A micro-electronics project is earmarked for part of the former MG Rover car plant at Longbridge.
News of the proposed initiative, which, it is hoped, will get Government backing, was unveiled as business leaders in Birmingham set out their economic vision for the future of the west of the city.
It was announced by Birmingham University's Prof Michael Clarke, who chairs the Central Technology Belt, in a speech to a packed joint meeting at the Botanical Gardens put on by lobby group Birmingham Forward, Birmingham Business Breakfast Club and Calthorpe Estates.
It will be sited at the new Longbridge Technology Park in what is now the North Works.
Prof Clarke said: "We are hoping one of the key projects for the park will be a major micro-electronics initiative."
He declined to expand later except for saying it was at "a sensitive stage with the Department of Trade and Industry".
However Alan Folwell, chief executive of the CTB, said the project was effectively a "service centre" for industry involved in coatings, composites and ceramics.
The multi-million pound scheme, taking in the use of nanotechnology, would see companies going to the centre to use the equipment there to bring forward their own developments.
He confirmed they were looking for Government funds to take the plan forward.
Richard Allen, chief executive of Calthorpe Estates, one of the key partners in the CTB, stretching from Birmingham to Worcestershire, said more than £1 billion of investment was earmarked for the next five years.
Jewels in the crown include: n A £100 million University Science Park at Pebble Mill, Edgbaston nDevelopment of the nineacre Tally Ho! site opposite Warwickshire County Cricket Ground with apartments, shops and possibly a hotel nReplacing Edgbaston Shopping Centre with shops, offices and hotels in a £90 million scheme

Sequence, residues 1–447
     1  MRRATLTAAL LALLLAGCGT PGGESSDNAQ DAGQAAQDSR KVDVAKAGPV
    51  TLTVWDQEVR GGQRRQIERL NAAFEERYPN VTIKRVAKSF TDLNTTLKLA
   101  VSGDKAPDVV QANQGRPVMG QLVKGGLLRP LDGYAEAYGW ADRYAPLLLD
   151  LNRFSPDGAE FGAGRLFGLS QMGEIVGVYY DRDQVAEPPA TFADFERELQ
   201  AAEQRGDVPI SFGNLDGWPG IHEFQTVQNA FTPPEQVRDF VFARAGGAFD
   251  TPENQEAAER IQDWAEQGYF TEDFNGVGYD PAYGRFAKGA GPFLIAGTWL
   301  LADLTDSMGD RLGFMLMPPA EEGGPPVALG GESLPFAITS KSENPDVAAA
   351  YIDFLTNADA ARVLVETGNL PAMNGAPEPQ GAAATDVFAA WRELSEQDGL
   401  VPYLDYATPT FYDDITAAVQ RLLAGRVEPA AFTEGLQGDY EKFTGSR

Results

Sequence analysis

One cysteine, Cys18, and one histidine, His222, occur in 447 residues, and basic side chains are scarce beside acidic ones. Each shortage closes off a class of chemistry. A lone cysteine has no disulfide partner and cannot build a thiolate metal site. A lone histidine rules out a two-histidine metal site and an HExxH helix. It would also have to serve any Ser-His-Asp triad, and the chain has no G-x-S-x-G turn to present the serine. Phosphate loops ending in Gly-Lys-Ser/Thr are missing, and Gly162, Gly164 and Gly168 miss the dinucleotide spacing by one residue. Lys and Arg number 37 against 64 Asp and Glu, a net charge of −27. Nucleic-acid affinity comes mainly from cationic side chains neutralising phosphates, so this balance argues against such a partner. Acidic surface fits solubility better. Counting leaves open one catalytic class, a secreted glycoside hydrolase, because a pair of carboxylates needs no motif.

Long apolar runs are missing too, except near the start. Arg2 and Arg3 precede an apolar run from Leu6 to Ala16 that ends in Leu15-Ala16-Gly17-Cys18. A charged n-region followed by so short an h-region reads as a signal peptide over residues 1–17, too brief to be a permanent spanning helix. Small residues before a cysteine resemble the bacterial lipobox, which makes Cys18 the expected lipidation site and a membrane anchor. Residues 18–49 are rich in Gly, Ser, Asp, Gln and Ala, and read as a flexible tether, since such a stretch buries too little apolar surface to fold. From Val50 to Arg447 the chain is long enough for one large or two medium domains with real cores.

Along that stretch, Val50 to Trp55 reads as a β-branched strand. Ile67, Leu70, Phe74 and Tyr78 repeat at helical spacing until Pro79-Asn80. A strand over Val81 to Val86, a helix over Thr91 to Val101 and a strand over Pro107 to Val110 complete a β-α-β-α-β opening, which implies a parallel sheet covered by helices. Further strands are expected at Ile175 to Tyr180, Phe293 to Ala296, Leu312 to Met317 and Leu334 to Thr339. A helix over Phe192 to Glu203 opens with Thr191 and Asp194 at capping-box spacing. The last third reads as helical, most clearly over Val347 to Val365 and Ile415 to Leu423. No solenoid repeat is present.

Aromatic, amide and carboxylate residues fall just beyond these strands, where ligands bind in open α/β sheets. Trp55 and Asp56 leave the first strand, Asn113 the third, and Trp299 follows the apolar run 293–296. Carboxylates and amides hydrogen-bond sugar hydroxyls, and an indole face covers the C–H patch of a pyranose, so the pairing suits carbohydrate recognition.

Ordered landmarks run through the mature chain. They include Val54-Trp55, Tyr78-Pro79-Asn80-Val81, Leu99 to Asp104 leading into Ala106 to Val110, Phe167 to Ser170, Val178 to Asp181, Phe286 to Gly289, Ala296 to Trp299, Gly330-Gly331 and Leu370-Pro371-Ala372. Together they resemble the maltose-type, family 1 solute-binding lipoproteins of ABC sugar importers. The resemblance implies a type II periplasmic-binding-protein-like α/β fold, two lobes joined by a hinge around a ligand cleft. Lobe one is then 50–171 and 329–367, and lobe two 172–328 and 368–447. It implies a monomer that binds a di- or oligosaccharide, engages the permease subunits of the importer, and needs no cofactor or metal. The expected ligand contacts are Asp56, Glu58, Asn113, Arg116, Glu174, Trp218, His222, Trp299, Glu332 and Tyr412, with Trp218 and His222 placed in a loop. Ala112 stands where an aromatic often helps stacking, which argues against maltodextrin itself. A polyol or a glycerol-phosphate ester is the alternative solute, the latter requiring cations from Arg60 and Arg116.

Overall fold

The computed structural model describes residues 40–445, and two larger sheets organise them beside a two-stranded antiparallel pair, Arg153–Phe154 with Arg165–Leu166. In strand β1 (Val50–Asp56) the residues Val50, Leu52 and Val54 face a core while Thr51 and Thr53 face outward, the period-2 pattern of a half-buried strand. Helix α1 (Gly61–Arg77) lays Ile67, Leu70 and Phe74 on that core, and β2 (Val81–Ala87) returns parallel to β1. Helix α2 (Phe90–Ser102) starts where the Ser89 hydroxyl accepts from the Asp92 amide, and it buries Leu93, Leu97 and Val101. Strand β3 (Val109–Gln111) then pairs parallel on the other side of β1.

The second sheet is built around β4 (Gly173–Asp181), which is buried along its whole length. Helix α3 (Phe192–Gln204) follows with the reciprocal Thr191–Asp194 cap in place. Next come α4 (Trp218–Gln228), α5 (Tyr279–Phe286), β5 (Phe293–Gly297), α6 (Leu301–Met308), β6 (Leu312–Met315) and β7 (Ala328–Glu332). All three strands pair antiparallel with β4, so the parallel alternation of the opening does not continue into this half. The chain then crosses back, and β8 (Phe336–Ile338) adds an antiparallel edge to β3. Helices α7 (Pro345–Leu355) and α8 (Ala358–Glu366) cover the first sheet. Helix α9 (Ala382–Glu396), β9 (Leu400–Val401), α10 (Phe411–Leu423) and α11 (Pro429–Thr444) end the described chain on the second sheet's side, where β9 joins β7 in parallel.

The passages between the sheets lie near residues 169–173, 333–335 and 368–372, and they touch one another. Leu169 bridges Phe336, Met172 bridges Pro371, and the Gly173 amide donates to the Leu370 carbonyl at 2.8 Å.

Prof Clarke said: "It is only five years since Longbridge crisis No.1 - and it's out of that that the Central Technology Belt was born.
"We were thinking then the unthinkable of what the world would be like without a car industry at Longbridge."
The Longbridge Technology Park and a "town centre" for the suburb will occupy 58 acres owned by Advantage West Midlands.
The rest of the Longbridge site is owned by property developers St Modwen, with Nanjing acquiring the assets of collapsed MG Rover in July.
Prof Clarke said the technology park would link up with a similar scheme at Bromsgrove, the "flagship" science park at Pebble Mill, Aston Science Park and Qinetiq at Malvern.
And everyone was pulling together despite a "stand-off" for the last 150 years.
On one side Birmingham feared Worcestershire was trying to shut it out while Worcestershire feared " hungry" Birmingham was looking to snaffle parts of its land.